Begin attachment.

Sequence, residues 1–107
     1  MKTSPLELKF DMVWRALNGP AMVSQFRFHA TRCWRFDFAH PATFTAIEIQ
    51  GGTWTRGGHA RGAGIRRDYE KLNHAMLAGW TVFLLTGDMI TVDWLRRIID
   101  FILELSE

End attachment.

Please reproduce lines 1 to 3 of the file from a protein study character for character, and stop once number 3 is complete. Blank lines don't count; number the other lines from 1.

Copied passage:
Sequence, residues 1–107
     1  MKTSPLELKF DMVWRALNGP AMVSQFRFHA TRCWRFDFAH PATFTAIEIQ
    51  GGTWTRGGHA RGAGIRRDYE KLNHAMLAGW TVFLLTGDMI TVDWLRRIID